In the wake of eighteen difficult months for the recruitment industry, the beginning of the summer saw the market pick up.
Improving business confidence led to a steadily increasing flow of proactive businesses looking for new and permanent recruits.
Due in part to the changing circumstances and priorities for many people, we saw an immediate flurry of market movement, encouraging the positive momentum to endure; so much so that recruitment activity in June was reported to be at an all-time high.
Now, as the final restrictions of the pandemic are removed, there is little sign this newly found aspiration to grow will slow down any time soon, despite candidate availability declining sharply in each of the last four months to reach an all-time low.
Right now, this is the only thing holding businesses back and, as recruiters, we are seeing some worrying signs ahead as the battle for the best talent heats up.
So, what is the answer?
Unfortunately, there is no quick fix to a familiar situation. What is clear, however, is that if we want to ensure the economy continues to grow, businesses, the government, and education providers need to be willing to reassess their plans and get behind the creation of a culture that supports training, reskilling, and upskilling of furloughed and prospective workers.
To put this high on the agenda – especially in the long term – better communication between industry and academia is fundamental. The Government, universities and colleges must co-operate with businesses to identify key areas where skilled workers are in short supply.
Positive steps have been made in this regard, with initiatives like Quickstart helping to build bridges, but this alone is not enough. We must take a collective approach if we want to ensure the status quo between candidates and vacancies is healthily balanced.
From the perspective of an employer
Flexibility is going to be important in the coming months and, as we adapted to home working, it is not inconceivable that we could adjust our mindset to see the recruitment of someone who has 75% of the skills you need as a good idea. In many cases, it may even be quicker to train people in the final 25% than to hold out for the perfect person.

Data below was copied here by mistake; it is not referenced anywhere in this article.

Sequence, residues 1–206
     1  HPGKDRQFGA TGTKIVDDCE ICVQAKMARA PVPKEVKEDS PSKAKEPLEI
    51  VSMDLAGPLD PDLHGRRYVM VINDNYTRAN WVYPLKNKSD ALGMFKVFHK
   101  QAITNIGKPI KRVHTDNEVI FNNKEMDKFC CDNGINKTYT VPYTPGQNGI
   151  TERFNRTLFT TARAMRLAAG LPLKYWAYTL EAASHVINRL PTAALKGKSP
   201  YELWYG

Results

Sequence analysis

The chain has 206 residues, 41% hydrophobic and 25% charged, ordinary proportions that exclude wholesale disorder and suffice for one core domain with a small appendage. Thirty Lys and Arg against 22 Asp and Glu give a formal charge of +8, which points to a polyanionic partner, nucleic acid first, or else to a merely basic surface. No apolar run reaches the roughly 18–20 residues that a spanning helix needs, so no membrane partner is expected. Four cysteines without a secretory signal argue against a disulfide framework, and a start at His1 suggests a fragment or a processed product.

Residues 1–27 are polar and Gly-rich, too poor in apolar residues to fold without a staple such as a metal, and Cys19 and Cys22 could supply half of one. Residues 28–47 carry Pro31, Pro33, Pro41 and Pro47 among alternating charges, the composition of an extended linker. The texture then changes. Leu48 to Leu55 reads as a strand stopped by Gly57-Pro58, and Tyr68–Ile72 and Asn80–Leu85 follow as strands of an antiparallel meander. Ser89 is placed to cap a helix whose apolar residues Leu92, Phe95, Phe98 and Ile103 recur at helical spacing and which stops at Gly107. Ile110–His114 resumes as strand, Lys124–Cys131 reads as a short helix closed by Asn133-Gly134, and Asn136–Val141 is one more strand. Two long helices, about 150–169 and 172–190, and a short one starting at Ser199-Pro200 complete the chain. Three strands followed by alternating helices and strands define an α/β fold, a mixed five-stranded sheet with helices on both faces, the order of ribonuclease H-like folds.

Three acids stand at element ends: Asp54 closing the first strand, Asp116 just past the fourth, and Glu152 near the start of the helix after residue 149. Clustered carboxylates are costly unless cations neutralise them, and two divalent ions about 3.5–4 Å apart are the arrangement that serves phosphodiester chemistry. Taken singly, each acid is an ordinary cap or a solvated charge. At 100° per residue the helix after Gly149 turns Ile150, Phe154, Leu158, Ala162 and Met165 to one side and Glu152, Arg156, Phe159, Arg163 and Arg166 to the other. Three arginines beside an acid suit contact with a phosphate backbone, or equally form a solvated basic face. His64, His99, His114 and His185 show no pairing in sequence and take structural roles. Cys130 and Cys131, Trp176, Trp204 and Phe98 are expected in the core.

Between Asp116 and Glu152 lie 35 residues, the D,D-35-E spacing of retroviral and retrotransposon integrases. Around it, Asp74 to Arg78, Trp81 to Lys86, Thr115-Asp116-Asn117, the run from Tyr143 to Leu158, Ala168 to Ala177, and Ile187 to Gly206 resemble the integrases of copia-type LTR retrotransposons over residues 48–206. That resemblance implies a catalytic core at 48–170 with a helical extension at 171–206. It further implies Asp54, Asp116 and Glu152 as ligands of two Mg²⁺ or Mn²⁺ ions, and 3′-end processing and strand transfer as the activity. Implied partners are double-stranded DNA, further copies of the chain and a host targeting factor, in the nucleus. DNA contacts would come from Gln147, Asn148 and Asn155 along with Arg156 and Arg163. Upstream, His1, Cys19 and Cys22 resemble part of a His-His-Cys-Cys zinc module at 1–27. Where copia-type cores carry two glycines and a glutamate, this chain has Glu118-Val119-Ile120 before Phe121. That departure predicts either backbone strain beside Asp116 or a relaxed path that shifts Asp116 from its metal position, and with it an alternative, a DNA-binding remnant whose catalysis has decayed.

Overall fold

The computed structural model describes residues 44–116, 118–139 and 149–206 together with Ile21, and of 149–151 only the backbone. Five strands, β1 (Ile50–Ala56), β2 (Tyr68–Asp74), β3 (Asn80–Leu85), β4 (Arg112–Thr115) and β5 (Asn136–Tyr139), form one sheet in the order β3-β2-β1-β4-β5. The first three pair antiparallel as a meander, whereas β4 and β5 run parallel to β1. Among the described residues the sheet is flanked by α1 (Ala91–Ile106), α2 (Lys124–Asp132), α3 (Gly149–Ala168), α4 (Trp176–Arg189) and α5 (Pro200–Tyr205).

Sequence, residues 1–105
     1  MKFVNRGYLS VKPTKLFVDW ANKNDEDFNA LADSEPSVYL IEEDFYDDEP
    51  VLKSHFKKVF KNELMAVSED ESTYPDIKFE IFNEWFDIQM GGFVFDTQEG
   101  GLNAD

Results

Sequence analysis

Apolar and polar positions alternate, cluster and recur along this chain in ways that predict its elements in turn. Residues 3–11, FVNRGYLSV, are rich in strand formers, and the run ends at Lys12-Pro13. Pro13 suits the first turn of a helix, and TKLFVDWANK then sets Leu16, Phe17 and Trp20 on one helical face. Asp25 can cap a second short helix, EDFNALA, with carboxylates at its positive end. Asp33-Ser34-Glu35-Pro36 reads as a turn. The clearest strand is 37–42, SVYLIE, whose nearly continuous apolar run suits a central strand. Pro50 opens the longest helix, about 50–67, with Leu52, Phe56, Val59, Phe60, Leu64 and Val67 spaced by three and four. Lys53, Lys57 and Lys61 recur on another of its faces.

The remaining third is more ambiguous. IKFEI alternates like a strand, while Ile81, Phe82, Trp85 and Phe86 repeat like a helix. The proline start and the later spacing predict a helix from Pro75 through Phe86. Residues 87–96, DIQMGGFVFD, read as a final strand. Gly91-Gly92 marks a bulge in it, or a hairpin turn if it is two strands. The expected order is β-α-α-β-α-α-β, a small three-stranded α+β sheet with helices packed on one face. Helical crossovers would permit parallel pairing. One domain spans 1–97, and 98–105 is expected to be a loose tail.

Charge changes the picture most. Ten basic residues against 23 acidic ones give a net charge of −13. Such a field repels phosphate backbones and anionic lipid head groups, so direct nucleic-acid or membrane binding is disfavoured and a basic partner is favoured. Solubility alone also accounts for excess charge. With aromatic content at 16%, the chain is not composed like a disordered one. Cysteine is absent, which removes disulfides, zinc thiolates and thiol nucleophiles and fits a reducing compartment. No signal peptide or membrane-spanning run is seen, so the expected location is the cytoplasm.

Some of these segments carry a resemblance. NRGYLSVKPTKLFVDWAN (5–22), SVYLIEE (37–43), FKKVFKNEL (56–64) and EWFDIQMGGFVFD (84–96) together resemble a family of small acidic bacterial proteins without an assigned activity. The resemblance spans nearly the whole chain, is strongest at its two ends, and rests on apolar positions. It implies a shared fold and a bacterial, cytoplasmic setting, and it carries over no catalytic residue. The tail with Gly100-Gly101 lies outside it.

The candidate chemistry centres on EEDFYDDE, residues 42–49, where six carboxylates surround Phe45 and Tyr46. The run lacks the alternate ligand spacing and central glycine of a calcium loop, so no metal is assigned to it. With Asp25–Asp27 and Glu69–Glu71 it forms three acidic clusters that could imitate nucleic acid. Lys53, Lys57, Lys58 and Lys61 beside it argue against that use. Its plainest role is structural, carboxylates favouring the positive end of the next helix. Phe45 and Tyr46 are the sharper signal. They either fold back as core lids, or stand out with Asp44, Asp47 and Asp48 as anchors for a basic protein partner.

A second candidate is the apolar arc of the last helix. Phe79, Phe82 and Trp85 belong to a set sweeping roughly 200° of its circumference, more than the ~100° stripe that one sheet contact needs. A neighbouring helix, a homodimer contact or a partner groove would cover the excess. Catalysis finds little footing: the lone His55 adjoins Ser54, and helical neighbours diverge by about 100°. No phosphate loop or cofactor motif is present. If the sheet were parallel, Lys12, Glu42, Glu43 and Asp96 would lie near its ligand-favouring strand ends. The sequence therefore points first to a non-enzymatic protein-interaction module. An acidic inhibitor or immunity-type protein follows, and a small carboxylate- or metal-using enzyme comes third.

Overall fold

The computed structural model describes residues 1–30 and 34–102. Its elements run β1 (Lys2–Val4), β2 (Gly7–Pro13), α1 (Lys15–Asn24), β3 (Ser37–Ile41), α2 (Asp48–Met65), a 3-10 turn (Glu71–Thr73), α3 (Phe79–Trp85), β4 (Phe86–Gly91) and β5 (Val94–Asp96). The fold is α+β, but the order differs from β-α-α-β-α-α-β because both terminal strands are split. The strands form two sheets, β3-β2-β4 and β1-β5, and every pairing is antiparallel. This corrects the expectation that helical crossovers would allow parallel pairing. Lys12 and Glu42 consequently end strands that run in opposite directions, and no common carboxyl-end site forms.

Bringing in recruits straight from school, college, or university is another option. While it may not address your needs today, developing the right skill sets within your business will pay off, particularly if you encourage diversity in their experience by rotating people throughout different business departments.
For example, in an accountancy practice, rather than a graduate spending three years training in only audit or tax, why not offer them a programme of six-month secondments across all disciplines so, by the end of their training, they have had a much better exposure of the business and, probably, developed a clearer idea of what it is they enjoy.
In tight job markets, working with recruiters to position your business as a brand of choice is also important. I would say this but, with social media, people have access to many different channels of communication and the way your company is portrayed and how an opportunity is sold to them is crucial.
To be successful, you need to demonstrate what it is that makes you stand out, and that also goes for pre-planning ways to get your company culture across when the interview is via a video link.
The final word
If you take one piece of advice from this article to help with an upcoming piece of recruitment, please make it to act fast.
Taking positive and swift action is the key right now because I can assure you that talented people will get job offers quickly.
If you find the right person be prepared to act as, if they are truly at the top of their game, it won’t be long before one of your competitors snaps them up if you don’t